The End of Social Housing: The Housing and Planning Bill

On January 5th, Architects for Social Housing (ASH) and many others will demonstrate against the Housing and Planning Bill, which will pave the way for further mass demolition of social housing.

Pushed by Greg Clark – Secretary of State for the Department of Communities and Local Government , the bill will extend the Right to Buy scheme to housing association homes, oblige local powers to sell ‘high-value housing’ and phase out secure tenancies for council tenants. Acting both as tool of division between housing association tenants and legal groundwork for the mass privatisation of council housing, the Housing and Planning Bill is worrying and malicious in equal measure.

Oddly and sinisterly, the Bill will apply planning permission for the regeneration of social housing as ‘brownfield land’ – a category usually reserved for post-industrial wasteland. Council estates with communities within them will be reclassified as waste land. A dramatic increase in the already heightened drive to destroy social housing will unsurprisingly follow. Architects for Social Housing write:

Rather than alleviating the housing ‘crisis’, either by building genuinely affordable homes or by increasing provision of social housing, the Bill seeks to use that crisis for political and financial ends. On the one hand it forces local housing authorities to implement Conservative housing policy, and on the other it takes planning power away from those authorities. Both these hands, the one compelling, the other taking, are wielded by what, if the Bill is passed, will be new and punitive powers of the Secretary of State, not only against the people who rely on social housing for a home, but also against the councils and housing associations that provide them.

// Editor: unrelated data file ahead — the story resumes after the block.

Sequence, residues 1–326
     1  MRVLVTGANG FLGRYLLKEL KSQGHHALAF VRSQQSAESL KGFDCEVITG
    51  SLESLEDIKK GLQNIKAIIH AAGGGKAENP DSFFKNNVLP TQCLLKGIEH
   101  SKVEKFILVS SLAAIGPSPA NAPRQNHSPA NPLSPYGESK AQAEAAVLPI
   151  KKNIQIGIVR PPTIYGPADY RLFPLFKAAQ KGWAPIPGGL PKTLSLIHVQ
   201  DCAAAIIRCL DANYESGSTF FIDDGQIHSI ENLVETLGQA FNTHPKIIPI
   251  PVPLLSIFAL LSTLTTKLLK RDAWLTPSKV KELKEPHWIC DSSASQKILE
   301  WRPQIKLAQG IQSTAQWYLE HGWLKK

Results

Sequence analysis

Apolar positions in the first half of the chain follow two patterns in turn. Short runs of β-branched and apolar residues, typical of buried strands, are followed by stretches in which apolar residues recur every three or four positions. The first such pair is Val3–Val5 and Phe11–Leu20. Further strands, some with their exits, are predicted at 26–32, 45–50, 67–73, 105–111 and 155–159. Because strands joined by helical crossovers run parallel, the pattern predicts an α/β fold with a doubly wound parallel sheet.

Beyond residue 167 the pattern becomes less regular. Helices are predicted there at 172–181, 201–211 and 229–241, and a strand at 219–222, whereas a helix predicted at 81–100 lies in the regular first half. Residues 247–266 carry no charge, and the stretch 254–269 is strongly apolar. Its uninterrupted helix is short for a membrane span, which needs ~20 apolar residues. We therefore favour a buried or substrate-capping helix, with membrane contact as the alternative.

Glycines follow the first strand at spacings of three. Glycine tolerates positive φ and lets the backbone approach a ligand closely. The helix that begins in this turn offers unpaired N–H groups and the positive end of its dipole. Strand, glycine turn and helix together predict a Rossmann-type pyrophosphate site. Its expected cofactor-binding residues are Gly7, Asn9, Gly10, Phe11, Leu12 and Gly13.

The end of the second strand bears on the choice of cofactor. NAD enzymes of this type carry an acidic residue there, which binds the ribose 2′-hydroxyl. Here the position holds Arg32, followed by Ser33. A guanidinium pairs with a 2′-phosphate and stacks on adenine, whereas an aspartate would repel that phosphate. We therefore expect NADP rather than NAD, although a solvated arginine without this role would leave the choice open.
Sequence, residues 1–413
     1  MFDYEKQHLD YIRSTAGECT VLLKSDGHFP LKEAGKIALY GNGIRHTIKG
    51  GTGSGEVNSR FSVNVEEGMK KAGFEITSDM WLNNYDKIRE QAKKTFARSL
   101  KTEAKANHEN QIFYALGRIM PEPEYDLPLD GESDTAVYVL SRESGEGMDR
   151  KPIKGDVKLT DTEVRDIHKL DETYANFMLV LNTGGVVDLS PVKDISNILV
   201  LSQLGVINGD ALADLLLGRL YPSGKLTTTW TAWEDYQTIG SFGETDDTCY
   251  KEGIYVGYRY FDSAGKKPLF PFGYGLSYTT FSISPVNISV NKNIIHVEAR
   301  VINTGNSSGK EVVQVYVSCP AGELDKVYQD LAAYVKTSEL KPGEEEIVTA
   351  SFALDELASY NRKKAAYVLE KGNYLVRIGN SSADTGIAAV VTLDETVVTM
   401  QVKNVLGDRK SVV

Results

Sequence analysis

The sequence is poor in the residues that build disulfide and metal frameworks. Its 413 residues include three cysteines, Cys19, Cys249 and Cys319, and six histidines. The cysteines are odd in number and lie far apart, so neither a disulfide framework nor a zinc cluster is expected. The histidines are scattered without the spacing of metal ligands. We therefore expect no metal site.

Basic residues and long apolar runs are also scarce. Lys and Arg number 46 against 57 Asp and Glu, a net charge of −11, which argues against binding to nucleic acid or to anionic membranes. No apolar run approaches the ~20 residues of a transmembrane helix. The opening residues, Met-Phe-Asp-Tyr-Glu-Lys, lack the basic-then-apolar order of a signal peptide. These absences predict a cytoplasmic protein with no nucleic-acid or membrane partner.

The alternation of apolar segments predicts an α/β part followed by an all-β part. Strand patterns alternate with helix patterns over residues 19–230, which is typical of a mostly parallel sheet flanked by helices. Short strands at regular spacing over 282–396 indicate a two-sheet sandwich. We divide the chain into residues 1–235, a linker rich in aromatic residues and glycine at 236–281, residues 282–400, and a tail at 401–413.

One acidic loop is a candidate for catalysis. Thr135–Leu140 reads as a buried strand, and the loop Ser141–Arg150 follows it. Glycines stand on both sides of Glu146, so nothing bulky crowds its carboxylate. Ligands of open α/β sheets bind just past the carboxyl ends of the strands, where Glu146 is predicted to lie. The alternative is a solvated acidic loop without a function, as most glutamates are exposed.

There is absolutely nothing in the Bill for the provision of social housing. Instead, it introduces legislation by which existing social housing is to be either sold into private ownership or demolished to make way for new developments. The Bill’s model of home building is driven by state subsidised incentives for private investors that will increase, rather than check, existing speculation on the property market. Under the tattered banner of austerity, the Housing and Planning Bill is in reality legislation for the social cleansing of London in particular, and more generally for the further dismantling of the welfare state by this Conservative government.

An unapologetic act of class warfare, the Housing and Planning Bill will push social housing tenants further into precarity. Although a demonstration in central London will not be enough, it will hopefully provide a spark to again reinvigorate the drive for housing security and resistance. The Carpenters, Guinness and Aylesbury estate occupations catalysed the reclamation of social housing. The Housing and Planning Bill will mean this reclamation continues or we lose our social housing altogether.

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